JBU (2014) 1/2 | Review | Working With/In

Marina Mihaila. (2012). Office Architecture + Technology. Bucharest: Ion Mincu University Press. ISBN 978-606-638-020-1.
Review by Maria Bostenaru Dan

This book is a bilingual volume (Romanian and English) based in part on the doctoral work entitled “Working with/in New Office—Concepts & Technology”, submitted by the Author at Ion Mincu University of Architecture and Urban Planning in Bucharest. The study includes two parts. The first is entitled “From Idea to Demarche”, and has an introductory character. The second bears the title of the book. A general bibliography, plus some data and illustrations conclude the work. The first chapter offers a summary of the doctoral thesis.
“Working with/in” is the name of the author’s theory on how to approach architectural issues and challenges. The office building is seen in the broad context of the city, “working with” the office space. However, both the indoor architecture and climate—influenced by artistic and technological means—are important, and these relate to the detailed conformations given by the architectural programme of the office with the “working in” approach. If “working with” the mineral dimension of the city as conglomerate of buildings in a cityscape is important, “working in”—the human dimension of the users to whom the building adapts—is also important. Beyond lines drawn in an architectural plan is the detailed appearance of the finishing, the architectural interior, and the building’s physical comfort and safety on a detailed scale.
Thus, “Working with” represents a first step of design work. Current development in cities was marked by the rise of towers in some low rise neighborhoods, and many of these are office buildings. Hence, the research focused on the problem of density in the urban landscape. Density is seen either as vertical or extensive mass growth, but in both cases it involves the addition of new functions and activities. This way the city fights against the functional segregation from post-WWII. Textures define zones that get a central character through the addition of office buildings. This is an advanced approach to urban structure; to urban form and function. Work and residence are not always separated anymore. This is one of the aspects covered: the way contemporary office buildings play a role for the public space and the cityscape. However, the investigation continues in more detail on the spatial conformation of the building itself, including interior architecture and the technical conformations which lead to better indoor climate as well as general structural security. The meanings and the role of office space are spanning thus from urban scale to building scale, at the latter, up to the dimension of the office room.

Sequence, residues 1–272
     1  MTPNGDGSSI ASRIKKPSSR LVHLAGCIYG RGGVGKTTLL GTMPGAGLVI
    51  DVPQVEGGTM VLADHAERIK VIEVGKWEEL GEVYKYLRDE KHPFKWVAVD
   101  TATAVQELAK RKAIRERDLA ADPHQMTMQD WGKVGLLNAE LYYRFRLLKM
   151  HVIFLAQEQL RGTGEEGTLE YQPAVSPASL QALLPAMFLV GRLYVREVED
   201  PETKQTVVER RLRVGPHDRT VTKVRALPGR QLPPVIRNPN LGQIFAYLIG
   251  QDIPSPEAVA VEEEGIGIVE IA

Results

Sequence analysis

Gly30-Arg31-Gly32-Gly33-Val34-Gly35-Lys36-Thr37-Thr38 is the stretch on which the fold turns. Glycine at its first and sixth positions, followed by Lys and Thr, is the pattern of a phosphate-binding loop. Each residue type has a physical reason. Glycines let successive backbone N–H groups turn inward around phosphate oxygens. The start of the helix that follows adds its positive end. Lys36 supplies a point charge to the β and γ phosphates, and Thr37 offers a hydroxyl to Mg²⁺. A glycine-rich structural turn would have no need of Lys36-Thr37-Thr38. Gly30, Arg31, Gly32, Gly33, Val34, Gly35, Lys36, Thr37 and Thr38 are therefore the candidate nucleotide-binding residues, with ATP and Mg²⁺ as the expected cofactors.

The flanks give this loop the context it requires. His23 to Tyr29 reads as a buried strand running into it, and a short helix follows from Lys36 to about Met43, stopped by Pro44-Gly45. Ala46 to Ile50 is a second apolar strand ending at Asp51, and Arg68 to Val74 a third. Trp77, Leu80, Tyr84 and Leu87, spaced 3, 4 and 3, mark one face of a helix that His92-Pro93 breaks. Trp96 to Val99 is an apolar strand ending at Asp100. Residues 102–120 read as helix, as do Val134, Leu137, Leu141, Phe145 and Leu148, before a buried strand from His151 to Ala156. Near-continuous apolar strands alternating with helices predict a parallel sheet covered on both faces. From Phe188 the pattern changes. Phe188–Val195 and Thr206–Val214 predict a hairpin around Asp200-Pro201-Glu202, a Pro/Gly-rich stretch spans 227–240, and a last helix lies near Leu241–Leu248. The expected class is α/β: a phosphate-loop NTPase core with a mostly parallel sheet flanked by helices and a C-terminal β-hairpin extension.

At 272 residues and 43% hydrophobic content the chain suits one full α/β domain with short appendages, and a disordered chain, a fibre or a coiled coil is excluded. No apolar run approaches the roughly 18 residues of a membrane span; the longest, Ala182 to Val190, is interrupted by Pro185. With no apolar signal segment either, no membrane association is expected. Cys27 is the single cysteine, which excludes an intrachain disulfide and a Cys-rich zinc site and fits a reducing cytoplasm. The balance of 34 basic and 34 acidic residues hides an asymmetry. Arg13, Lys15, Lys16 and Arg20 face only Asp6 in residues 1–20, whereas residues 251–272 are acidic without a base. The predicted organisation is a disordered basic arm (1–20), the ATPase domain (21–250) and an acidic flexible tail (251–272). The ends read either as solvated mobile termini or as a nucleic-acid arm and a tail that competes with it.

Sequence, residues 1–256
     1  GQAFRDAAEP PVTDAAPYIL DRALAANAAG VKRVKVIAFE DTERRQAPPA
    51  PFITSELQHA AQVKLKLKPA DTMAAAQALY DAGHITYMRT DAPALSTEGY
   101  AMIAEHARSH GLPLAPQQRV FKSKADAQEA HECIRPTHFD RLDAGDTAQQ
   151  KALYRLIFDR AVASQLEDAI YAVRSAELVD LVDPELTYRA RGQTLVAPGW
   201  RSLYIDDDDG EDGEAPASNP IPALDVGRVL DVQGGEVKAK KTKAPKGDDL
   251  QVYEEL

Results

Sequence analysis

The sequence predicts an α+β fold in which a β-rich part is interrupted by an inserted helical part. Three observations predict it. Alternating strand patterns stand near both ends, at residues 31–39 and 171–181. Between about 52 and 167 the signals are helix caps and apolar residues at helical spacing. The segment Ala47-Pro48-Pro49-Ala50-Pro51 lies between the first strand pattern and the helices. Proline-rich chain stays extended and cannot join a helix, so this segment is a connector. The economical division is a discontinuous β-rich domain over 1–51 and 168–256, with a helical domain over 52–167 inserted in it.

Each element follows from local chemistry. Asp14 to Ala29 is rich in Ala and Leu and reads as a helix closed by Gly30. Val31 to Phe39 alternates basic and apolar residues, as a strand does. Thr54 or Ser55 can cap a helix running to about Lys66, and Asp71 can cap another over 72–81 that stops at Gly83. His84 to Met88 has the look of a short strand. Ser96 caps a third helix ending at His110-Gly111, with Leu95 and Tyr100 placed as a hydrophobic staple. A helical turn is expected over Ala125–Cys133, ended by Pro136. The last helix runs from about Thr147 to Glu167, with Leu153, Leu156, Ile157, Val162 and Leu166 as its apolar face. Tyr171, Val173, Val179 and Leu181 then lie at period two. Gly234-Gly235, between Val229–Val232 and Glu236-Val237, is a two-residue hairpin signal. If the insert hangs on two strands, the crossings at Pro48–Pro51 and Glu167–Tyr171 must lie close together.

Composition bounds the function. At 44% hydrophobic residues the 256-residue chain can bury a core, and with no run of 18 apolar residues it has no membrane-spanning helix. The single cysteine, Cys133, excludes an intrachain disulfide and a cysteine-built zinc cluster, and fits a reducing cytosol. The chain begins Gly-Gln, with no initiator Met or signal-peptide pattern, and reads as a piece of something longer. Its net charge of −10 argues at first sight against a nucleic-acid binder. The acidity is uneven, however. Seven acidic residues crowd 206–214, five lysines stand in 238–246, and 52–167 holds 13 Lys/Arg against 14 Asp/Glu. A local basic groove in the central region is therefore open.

Many of the issues raised are in close connection with the contemporary challenge of sustainability. On the urban scale, one can look at office towers as a landmark to follow the legibility of the city, and question the influence on the urban landscape in competition with historical landmarks and neighborhood characteristics. The study reviewed such new office towers in the cities, built by star architecture studios. As the author is both a practicing architect and a design studio lecturer at the university, she has a great interest in both creating and teaching contemporary architecture. The work reviewed here has thus a double focus on theoretical and applied research: lessons are learned from theory for practice and from practice for theory.ù